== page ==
‘Globalization creates interlocking fragility, while reducing volatility and giving the appearance of stability. In other words it creates devastating Black Swans. We have never lived before under the threat of a global collapse’ (Taleb, 2007: 225).
The interlocking nature of the local and the global serves to create a sense of ‘scalar nesting’ that is comfortable and familiar. Yet, during crisis events, the outcome of this intertwined relationship is largely predictable: ‘winners continue to win’ and ‘losers lose harder’. It is inevitably at the local level – the city, the town, the neighborhood, the street – where this Molotov cocktail reaps its havoc.
The depth and severity of the global financial crisis became fully apparent in mid 2007. Based on quarterly GDP figures, the UK experienced the longest recession between the second quarter of 2008 and the third quarter of 2009 since the publication of quarterly GDP data began in 1955. It was also the first time that the UK economy had the largest quarter-on-quarter decline since 1980. So I was intrigued earlier this week to read Cities Outlook 2012, a report published by the non-partisan think-tank, Centre for Cities (Centre for Cities, 2012). The report makes the case – through an analysis of recent social and economic data – that the gap between Britain’s most prosperous and poorest cities is widening as a result of the economic crisis. The report found a case for a ‘two-speed Britain’ as more resilient urban economies – including the likes of London, Edinburgh and York – adapt to changing economic circumstances as less resilient urban economies – including Swansea, Hull, Liverpool and Sunderland – struggle to respond to changing economic imperatives. Research undertaken by the Centre for Urban Policy Studies at the University of Manchester – prior to the publication of the most recent Cities Outlook report – goes further in arguing that rather than there being a ‘two-speed Britain’ there is in fact a ‘multi-speed Britain’ as different types of urban areas respond differently to the impacts of the most recent downturn (Wong et al, 2011).
This, you might argue, is all fairly standard so far. However, what both reports are clear on is that current government policies seem to be widening, rather than narrowing, the gap between our urban areas. Without wanting to get too caught up here in the respective analyses, both reports contend that the scale and depth of public sector spending cuts – introduced as part of the Coalition’s austerity strategy to combat the ‘spiralling national deficit’ – are adversely affecting towns and cities up and down the country with the greatest shocks being felt in metropolitan areas that are reliant on public sector employment. Unemployment in our metropolitan cities has risen sharply and the welfare system has become a safety net across a widening spectrum of society as individuals and households look to ride-out the economic storm.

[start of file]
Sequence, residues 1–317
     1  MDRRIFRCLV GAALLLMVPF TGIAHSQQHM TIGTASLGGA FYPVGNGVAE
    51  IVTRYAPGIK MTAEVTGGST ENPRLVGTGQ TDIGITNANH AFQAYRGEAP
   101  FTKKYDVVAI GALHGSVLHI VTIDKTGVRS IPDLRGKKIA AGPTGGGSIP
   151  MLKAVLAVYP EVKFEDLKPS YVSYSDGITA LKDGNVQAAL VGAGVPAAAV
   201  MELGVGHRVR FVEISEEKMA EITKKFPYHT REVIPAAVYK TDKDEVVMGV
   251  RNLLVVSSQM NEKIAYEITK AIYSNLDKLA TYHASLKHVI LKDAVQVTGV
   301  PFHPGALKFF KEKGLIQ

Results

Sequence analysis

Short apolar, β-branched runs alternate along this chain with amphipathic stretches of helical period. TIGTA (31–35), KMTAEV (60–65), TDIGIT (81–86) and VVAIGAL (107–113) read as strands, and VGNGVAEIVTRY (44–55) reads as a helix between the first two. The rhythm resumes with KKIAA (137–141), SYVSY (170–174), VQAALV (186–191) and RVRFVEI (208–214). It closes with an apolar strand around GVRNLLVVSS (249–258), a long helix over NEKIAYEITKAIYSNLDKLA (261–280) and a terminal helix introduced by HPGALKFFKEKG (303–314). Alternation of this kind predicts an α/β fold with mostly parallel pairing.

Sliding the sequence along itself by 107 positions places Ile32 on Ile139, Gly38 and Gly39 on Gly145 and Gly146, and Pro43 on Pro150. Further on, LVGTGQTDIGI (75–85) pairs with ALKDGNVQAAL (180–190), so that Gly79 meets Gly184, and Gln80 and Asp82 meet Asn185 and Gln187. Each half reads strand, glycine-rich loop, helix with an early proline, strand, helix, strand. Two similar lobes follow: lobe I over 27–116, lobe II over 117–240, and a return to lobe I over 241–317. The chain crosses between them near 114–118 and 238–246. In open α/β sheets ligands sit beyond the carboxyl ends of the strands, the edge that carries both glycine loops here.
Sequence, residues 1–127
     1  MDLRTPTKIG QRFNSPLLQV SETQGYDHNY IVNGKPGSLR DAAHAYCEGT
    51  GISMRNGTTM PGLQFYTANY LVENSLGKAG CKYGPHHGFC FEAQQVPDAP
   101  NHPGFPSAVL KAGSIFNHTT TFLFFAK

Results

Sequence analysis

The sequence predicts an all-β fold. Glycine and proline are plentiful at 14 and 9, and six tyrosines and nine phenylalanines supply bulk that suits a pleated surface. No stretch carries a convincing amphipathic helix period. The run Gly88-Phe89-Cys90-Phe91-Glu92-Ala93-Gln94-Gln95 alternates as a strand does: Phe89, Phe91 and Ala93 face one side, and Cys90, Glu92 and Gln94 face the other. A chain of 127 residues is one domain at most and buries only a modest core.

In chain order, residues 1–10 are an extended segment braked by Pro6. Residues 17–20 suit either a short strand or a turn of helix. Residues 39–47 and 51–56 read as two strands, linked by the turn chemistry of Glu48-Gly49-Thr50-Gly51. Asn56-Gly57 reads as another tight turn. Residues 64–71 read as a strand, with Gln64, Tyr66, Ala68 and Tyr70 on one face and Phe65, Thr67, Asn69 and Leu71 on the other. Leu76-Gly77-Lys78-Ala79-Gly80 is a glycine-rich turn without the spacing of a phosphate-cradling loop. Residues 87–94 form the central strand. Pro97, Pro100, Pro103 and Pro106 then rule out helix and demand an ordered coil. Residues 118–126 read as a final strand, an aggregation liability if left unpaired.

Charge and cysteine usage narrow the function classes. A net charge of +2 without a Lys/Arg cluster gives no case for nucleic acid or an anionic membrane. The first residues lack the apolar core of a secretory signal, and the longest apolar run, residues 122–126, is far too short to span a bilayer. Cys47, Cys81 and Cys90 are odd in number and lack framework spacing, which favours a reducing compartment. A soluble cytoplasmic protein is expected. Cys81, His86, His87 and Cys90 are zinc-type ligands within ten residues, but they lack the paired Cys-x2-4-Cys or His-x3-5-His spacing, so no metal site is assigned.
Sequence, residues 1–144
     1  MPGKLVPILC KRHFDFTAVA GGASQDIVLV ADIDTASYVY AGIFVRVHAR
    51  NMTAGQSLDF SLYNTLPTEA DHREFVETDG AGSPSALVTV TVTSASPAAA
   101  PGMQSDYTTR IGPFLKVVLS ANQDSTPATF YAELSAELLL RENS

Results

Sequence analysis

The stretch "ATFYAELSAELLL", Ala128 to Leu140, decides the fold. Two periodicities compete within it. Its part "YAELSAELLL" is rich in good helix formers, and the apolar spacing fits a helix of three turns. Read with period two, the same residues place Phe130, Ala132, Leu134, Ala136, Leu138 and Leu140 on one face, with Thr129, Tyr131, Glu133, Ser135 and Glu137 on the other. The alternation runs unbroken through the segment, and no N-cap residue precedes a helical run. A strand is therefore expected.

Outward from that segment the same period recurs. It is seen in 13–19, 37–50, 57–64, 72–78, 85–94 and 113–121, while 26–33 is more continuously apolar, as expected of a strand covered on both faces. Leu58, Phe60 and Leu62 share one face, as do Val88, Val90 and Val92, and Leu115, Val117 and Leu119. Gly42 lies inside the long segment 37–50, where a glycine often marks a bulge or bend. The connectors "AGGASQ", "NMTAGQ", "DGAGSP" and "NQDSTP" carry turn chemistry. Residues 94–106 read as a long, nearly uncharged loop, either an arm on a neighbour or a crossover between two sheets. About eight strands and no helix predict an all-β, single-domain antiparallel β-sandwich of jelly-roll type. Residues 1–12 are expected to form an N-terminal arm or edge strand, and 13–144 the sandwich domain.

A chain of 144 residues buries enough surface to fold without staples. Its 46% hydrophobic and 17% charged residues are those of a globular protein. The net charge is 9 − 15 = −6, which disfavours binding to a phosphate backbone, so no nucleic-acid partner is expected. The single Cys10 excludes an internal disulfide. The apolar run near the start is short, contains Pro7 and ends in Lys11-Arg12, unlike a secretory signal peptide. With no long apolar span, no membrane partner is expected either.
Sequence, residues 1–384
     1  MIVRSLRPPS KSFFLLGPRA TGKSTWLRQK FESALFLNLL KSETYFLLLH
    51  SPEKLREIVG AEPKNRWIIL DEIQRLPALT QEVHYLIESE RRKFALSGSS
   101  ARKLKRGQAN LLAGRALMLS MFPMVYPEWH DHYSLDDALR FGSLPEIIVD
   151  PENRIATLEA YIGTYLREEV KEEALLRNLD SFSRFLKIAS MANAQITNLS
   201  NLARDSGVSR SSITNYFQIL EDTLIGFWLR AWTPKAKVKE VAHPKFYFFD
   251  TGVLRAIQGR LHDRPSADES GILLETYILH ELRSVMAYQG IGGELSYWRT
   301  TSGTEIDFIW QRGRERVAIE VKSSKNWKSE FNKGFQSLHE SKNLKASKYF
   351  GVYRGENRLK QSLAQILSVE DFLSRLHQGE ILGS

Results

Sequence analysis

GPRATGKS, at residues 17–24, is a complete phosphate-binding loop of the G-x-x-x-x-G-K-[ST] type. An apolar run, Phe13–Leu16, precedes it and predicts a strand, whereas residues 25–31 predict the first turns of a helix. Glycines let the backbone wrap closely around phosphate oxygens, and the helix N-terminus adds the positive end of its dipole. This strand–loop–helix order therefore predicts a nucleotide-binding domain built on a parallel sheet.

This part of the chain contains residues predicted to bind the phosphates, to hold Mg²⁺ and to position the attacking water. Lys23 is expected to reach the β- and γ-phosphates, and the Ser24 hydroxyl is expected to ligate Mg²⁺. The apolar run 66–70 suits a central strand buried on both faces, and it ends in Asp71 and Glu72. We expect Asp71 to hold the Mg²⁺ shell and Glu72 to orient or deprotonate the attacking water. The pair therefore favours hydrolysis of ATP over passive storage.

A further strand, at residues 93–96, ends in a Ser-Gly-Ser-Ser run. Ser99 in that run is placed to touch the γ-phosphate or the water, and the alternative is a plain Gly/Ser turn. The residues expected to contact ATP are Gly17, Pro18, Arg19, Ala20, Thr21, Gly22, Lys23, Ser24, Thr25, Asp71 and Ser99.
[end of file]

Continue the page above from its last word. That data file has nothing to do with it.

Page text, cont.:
We are all aware that the current economic climate is intimately entangled with the sovereign debt crisis. Experiences in the Euro Zone, North America and Britain poignantly illustrate this. And so, the arguments made for reducing the UK’s national deficit are well rehearsed: the nation’s debt needs to be brought under control for the sustainability of the national economy. Whether this is something that you accept or not (this rationale for introducing the deficit reduction plan has been contested on the basis that net public debt was about 60% of national GDP in 2010 compared to over 200% in the 1950s following the end of the Second World War) there is political appetite for reducing the deficit. The Prime Minister’s suggestion, however, that ‘we are all in this together’ seems to be collapsing under the weight of its own hypocrisy. As the Welfare Reform Bill – of which there are some welcomed aspects including attempts to incentivise work in response to rising levels of worklessness – moves through the parliamentary process debates over the introduction of a benefits cap and the implications of proposed reforms to the NHS have intensified. In a recent piece written for The Guardian (23 January, 2012), Randeep Ramesh points out that the proposals contained within the Welfare Bill – irrespective of the nature of the transition period adopted as one welfare regime replaces the other – have the potential to increase child poverty and to adversely affect certain disabled groups in society which is something that has been acknowledged by the Coalition itself. Position these proposals in the context of wider reforms in housing benefit and cuts in regeneration funding – the adverse effects of which are likely to be disproportionately concentrated in our metropolitan areas according to recent research by the Centre for Urban Policy Studies (Wong et al, 2012) – and you catch my drift.